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Quebec spa treats and feeds your body for less

At Spa Eastman in Quebec. southeast of Montreal and north of the Vermont border, a wood fire burns in the lobby.
At Spa Eastman in Quebec. southeast of Montreal and north of the Vermont border, a wood fire burns in the lobby. (Kathy Shorr for the Boston Globe)
Email|Print|Single Page| Text size + By Kathy Shorr
Globe Correspondent / January 13, 2008

EASTMAN, Quebec - My friend Judy and I decided to celebrate our birthdays with a weekend of pampering at Spa Eastman, about 30 miles over the Vermont border.

Why Spa Eastman? It is one of a group of 25 spas, mostly in the United States and Canada, including Canyon Ranch in Lenox and the Copperhood Inn & Spa in the Catskills, designated as "destination spas."

That's an industry label for spas that, in addition to offering traditional services like massages and pedicures, focus on health, fitness, renewal, and education. They offer private consultations with naturopaths and physical trainers, and classes in everything from Nordic walking to tai chi and aerobic salsa.

I liked that Spa Eastman has been around for 30 years. And it was a bargain, even with the diminishing value of the dollar. It recently won a Reader's Choice Award from Spa Finder as one of the top 10 affordable spas in the world.

Affordable, that is, by destination spa standards. Each spa constructs its package in a slightly different way, so it's hard to compare prices. Still, each offers a per person rate (treatments extra) that covers accommodations, meals, and use of the facilities, including classes, guided walks, and swimming. Based on double occupancy, Canyon Ranch runs about $500 a day, Copperhood $325, and Spa Eastman $200. And if you stay in one of the more basic accommodations, away from the main building, Spa Eastman drops to $140.

We booked one of the less expensive rooms, but we blew our budget even before we hit the border. Judy was diagnosed with a stress fracture in her right foot the week before we left so we upgraded to the more expensive room to be in the main building. So much for hiking some of the property's 300-plus acres. Then, on the drive up, my muffler went, followed by several hundred dollars for the repair.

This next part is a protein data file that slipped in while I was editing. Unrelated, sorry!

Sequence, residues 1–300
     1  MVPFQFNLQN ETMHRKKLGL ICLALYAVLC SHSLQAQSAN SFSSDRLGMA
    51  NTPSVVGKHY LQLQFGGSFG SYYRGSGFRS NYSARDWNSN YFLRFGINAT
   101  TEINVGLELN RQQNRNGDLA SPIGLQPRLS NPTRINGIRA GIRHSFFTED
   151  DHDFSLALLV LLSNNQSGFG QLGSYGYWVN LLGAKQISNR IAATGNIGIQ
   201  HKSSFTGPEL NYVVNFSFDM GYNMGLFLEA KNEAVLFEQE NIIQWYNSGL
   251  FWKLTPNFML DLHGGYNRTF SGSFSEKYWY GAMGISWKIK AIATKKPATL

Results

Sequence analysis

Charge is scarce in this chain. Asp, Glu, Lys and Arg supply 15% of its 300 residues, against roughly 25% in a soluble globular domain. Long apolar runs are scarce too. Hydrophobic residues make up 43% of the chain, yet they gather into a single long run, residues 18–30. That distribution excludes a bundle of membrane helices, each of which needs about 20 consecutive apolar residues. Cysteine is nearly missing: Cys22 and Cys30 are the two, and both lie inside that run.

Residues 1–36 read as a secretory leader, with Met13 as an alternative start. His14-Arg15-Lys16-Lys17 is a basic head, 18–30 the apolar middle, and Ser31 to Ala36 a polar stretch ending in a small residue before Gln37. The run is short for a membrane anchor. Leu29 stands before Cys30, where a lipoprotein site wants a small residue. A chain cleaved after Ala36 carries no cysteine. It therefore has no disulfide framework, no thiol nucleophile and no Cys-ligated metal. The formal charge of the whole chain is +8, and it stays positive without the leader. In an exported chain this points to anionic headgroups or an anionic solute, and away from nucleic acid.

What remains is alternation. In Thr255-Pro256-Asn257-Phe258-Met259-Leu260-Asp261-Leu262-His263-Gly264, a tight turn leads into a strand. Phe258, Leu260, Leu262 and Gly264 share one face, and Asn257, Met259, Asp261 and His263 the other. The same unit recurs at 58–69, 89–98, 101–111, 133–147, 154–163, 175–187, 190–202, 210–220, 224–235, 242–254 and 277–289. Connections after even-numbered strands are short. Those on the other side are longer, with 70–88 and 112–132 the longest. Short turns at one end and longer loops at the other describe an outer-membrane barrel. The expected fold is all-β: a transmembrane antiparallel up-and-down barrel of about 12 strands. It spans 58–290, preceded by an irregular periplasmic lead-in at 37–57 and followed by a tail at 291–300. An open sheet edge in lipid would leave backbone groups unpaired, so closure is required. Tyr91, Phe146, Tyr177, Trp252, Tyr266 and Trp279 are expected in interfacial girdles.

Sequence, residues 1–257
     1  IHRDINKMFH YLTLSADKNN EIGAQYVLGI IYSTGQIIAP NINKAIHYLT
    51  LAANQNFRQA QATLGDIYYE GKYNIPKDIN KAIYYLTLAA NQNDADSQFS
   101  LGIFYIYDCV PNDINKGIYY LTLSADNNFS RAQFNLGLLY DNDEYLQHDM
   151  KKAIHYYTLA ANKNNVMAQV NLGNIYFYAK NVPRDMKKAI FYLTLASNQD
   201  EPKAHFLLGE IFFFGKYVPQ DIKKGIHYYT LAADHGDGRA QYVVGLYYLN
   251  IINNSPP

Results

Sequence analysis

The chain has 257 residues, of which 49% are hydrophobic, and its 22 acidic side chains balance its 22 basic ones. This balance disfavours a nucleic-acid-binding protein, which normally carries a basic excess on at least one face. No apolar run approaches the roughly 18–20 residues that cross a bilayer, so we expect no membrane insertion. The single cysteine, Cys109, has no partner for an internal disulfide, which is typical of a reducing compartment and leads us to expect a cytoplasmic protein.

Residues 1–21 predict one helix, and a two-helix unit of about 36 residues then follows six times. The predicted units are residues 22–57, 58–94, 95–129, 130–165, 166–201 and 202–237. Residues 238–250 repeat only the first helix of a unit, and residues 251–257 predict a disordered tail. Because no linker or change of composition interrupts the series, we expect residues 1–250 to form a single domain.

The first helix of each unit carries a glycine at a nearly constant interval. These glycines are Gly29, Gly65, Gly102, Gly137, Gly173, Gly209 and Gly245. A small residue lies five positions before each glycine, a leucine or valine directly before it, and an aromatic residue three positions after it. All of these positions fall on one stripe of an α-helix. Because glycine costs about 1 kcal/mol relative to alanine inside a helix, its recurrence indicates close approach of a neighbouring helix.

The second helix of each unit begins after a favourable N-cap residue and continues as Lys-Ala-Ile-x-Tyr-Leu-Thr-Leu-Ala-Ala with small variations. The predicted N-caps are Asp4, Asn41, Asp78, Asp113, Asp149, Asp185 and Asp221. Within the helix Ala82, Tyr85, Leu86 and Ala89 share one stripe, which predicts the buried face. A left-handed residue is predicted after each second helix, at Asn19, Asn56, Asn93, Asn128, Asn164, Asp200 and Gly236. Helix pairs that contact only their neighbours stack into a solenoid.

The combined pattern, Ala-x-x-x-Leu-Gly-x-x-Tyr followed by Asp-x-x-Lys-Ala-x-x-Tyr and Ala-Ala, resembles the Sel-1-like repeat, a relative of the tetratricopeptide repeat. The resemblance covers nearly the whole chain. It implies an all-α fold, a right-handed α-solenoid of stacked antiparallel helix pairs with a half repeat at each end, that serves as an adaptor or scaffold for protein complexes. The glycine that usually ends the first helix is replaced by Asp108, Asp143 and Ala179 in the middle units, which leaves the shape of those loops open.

I had read that the spa's food was good, in part because it uses local and organic ingredients. But I wasn't prepared for how good, varied, and plentiful it was. We arrived in time for lunch: curried chicken, rice pilaf, ratatouille, and grilled asparagus. There was also a fresh salad, two kinds of bread from a local bakery - one gluten-free - and a big bowl of fruit with seedless red grapes and fresh figs. Dinner offered many choices: carrot and ginger soup, turbot with roasted sweet pepper salsa, seitan with sweet and sour sauce, roast quail, vegetarian enchiladas, and venison in cranberry sauce. A wide and unusual selection of wines was available, including several organic ones. And while the desserts contain less sugar than you find most places, there were no complaints from those of us taking a second helping of the flourless chocolate cake.

I might have mistaken Spa Eastman for a nice restaurant but for the number of people wearing blue robes and matching slippers.

French predominates here, whether it's the signs offering the day's schedule or the greetings from staff. My first afternoon I sat downstairs in the treatment area near five 30-something women conversing in animated French. Each was getting a different treatment. I asked how much the getaway was costing them. "We don't know," said Isabelle Moreau and her friend Annie Bourret with a laugh. "We'll find out when we get the bill at the end."

Judy's biggest raves came after a "baby boomer" facial and a full-body exfoliation, in which she was scrubbed and massaged with sea salt and body cream. My favorite, the Watsu, submerged me in a shallow pool of 95-degree water while the practitioner stretched my limbs and performed shiatsu. I arranged my schedule to take early morning classes in Pilates and kick-boxing but slept through both. "That is good for you," said Manon Drapeau, operations manager, when I admitted my slothful ways. "First you are repairing the car, now the body."

But unwinding was only part of my mission. I received a naturopathic consultation, complete with urinalysis, blood typing, and a test that measures the energy going through the body's meridians. I came home with several pages of notes, herbal and homeopathic remedies, and a new diet.

It's been two months, and I'm thinking about going back in spring. Already there is one change: My lifelong sugar cravings have disappeared. When I first told friends about the trip, most pronounced it lavish and outrageous. Now they want to come.

Kathy Shorr can be reached at kshorr@mail2.gis.net.

If You Go

Spa Eastman
895 Chemin des Diligences
Eastman, Quebec
800-665-5272, 450-297-3009
spa-eastman.com
Spa Eastman is roughly 250 miles, or about 4 1/2 hours, from Boston. In addition to the Eastman location, there are two Spa Eastman day spas, in Montreal and outside the city in Île-des-Soeurs. Overnight stays from $140 a day per person, based on double occupancy, include meals, classes, and access to pool, hammam, and other facilities. Individual treatments run from $20 to $270. A day-only visit, including lunch, one-hour massage or beauty treatment, classes, and access to all facilities, is $99.
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